I flew down to Florida a few weeks ago. While there, I gained an intimate knowledge of the Sunshine State's extensive flora and fauna. It's too bad I was on a golf trip. Anyway, on the return flight, one of my golfing buddies asked me if I had any stock ideas I'd like to share. I don't believe I've ever met a stock I didn't like, so I spent the next 20 minutes pelting my friend with ideas both great and small. It was about that time that I noticed his eyes had glazed over and there was a small rivulet of drool trickling from the corner of his mouth. Ever alert to the subtle signs of one losing an audience, I suggested that a very good investment might be under our very noses, or better put, under our derrières. My friend came to life, thanked me for my input and started flirting with the woman sitting beside him. The investment I allude to of course, is Southwest Airlines (NYSE:LUV), and if you've a moment, I'll try not to bore you as I did my friend.
I remember Peter Lynch of Fidelity Magellan Fund fame saying that stock research can be done in a place as mundane as a shopping mall. If a potential investor knew which stores were publicly traded, that investor would be well served to see which was the busiest. Simplistic? Not really, just a good first step into making an investment decision. So, taking this advice to heart, I took note of the fact that both my Southwest flights were full. When any company, and especially an airline, has the track record of Southwest, perhaps the first step is the only step one needs to take. Read on to see what I mean.
In an industry as competitive as airlines, the fact that LUV has bested its competitors in profitability over the past decade is no small feat. In fact, Southwest has been profitable for 43 consecutive years, with the latest year setting a record of $2.4 billion in net income. Perhaps a better illustration of just how well run this airline is would be the fact that during the dark years of 2001 through 2005, while the rest of the industry was losing close to $60 billion, Southwest made $2.1 billion.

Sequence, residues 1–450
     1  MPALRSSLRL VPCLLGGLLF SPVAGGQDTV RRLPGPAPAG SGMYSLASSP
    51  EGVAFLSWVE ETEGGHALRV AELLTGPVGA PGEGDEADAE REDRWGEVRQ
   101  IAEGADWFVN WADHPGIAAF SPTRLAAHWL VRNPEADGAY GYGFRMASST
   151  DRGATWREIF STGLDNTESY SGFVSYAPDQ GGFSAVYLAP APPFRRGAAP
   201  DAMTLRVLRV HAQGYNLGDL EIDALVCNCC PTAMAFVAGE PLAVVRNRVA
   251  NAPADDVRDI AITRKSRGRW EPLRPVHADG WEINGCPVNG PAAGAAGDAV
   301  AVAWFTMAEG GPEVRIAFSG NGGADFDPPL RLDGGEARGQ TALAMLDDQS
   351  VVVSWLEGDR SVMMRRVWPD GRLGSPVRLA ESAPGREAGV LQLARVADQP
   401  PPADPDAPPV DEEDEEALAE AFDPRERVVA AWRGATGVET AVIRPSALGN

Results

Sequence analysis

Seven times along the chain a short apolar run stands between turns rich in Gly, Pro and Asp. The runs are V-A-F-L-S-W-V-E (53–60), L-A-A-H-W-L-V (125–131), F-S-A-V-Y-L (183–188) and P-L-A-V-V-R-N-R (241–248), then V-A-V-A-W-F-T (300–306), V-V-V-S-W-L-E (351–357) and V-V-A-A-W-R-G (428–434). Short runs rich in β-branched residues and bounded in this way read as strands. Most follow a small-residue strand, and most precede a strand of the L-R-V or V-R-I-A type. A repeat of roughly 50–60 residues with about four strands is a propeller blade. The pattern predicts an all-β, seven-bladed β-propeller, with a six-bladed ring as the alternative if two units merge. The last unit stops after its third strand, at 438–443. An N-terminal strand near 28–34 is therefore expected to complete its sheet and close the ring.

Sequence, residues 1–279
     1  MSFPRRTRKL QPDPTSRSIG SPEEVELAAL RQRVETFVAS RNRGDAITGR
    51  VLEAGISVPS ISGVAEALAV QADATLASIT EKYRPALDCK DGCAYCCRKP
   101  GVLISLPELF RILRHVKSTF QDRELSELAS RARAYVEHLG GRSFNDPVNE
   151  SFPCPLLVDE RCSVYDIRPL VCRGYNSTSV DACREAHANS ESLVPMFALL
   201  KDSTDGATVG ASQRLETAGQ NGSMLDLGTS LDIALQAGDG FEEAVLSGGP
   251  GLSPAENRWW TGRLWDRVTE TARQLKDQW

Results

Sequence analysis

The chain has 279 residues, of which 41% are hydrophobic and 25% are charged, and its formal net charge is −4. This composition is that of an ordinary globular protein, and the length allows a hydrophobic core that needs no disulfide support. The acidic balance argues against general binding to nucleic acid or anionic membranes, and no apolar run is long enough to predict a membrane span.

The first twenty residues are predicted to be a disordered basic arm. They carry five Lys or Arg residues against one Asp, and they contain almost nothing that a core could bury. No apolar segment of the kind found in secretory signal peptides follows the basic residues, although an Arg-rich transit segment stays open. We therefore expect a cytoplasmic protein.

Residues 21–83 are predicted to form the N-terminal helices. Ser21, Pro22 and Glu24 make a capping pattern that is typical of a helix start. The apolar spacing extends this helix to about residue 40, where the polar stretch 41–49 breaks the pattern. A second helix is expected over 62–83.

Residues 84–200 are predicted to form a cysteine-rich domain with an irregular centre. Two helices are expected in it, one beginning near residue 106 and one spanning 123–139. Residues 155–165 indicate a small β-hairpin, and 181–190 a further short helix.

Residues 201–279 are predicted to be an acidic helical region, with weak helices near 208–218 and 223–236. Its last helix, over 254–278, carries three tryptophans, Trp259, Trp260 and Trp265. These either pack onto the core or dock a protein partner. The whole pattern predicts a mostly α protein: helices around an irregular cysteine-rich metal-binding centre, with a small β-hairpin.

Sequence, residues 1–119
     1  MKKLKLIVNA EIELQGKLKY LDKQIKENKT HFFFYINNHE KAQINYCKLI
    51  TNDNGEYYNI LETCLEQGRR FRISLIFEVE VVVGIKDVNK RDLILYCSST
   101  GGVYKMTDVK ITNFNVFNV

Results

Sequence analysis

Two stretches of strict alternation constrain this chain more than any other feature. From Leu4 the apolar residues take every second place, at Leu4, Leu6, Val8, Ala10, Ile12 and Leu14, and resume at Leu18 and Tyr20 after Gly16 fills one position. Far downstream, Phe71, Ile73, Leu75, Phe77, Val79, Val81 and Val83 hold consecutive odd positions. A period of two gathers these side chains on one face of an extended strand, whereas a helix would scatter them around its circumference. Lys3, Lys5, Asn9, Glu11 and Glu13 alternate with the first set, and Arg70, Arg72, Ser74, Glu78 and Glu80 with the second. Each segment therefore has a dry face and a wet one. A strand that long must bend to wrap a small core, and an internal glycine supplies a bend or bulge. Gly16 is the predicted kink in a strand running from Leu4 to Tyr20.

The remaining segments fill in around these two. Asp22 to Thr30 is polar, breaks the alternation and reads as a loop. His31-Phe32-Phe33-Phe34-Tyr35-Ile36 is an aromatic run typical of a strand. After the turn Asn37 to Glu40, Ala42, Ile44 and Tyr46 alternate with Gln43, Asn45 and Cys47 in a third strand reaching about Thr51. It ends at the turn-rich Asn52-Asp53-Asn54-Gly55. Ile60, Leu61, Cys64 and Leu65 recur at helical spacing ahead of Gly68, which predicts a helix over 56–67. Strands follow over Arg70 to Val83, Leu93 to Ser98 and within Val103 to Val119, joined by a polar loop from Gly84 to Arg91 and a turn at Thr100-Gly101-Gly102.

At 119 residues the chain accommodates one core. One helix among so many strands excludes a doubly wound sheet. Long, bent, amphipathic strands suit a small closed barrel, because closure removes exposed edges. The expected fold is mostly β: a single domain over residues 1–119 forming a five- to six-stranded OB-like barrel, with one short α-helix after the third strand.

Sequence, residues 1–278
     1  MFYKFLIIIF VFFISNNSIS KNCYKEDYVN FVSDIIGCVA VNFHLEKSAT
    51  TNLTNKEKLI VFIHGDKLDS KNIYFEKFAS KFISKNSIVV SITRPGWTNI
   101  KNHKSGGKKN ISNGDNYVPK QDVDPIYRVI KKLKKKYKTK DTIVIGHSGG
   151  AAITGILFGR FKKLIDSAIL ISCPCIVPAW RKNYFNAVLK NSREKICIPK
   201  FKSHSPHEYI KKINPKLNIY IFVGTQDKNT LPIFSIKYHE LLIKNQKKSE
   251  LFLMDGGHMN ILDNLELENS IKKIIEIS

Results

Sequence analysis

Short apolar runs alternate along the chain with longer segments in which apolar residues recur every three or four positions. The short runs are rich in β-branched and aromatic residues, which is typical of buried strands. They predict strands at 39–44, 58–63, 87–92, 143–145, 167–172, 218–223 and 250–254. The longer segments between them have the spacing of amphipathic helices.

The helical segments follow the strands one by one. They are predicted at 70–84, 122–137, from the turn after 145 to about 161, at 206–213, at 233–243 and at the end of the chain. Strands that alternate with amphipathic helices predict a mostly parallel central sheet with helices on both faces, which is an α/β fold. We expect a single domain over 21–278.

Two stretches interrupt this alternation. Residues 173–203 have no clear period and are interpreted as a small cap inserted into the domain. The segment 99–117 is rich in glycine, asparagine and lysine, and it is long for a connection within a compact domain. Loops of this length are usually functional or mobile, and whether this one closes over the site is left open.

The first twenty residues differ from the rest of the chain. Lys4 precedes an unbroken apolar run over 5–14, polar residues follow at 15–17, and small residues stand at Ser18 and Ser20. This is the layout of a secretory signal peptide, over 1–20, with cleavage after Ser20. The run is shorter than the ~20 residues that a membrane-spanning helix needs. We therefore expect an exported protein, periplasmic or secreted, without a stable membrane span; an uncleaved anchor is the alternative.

I'm sure you've noticed that filling the gas tank on your car isn't quite as grim a task as it used to be. A few extra bucks in the pocket is nice. LUV is benefiting too, and in a big way. In the fourth quarter alone, Southwest reduced fuel costs by $189 million. For all of 2015, Southwest's fuel costs were $1.3 billion lower that of the previous year. The first quarter of 2016 has LUV hedged at around $1.70 a gallon of motion lotion. A caveat is in order here. In 2008, LUV locked in some unfavorable prices near oil's high. (Sounds like my timing.) In 2009, LUV had net income of $99 million, its worst year in a decade. This was a direct result of these ill-timed hedges. It took the airline until 2013 to shrug off the bad bets. I guess even the experts get it wrong sometimes. Anyway, on to more positive things.
Southwest has returned nearly $1.5 billion to shareholders in 2015 through share buybacks and dividends. Admittedly, the dividend yield is rather anemic, but the dividend itself has been gaining momentum over the last 3 years. Also, with a payout ratio of just 9%, there's plenty of room for expansion in the future. $10,000 invested 5 years ago in Southwest has grown to $30,000 today. That's a return of nearly 25% a year.
Here are a few more numbers that might be of interest to you. In fiscal 2015, LUV earned $3.52 a share. Estimates for 2016 range from $4.28 to $4.65 a share. At the present price of $36 and change, LUV is trading at around 11 times earnings. Let's be optimistic and assume Southwest earns $4.50 a share this year. Given the same P/E ratio, you looking at a $50 stock. A 38% increase in share price. Not bad. In addition, analysts expect LUV to grow 22% annually over the next 5 years. I'm rather dubious about that prediction. Five years is a stretch. But a $50 or $55 stock for 2016 looks more than possible.
I noticed you stifled a yawn. I'll finish up with a few more points and leave you alone.
Southwest and its workers, 80% of which are union, enjoy good relations. In fact, the company returned $620 million in profit sharing to its labor last year. Happy campers.
Southwest has the healthiest balance sheet in the industry.
Southwest concentrates on the short-haul market, thus lowering food costs, shrinking turnaround times and reducing ground service.
Southwest flies only one type of plane, which simplifies everything from scheduling to training.
Southwest books 95% of its customers electronically, 80% of which are handled through its own website.
These are just a few of the practices LUV employs to give it one of the lowest cost structures in the airline industry.
There's a lot things to like about LUV. I've just touched on a few. If you do your homework, I'm sure you'll find many more. Let me know what you think.
Disclosure: I/we have no positions in any stocks mentioned, but may initiate a long position in LUV over the next 72 hours.
I wrote this article myself, and it expresses my own opinions. I am not receiving compensation for it (other than from Seeking Alpha). I have no business relationship with any company whose stock is mentioned in this article.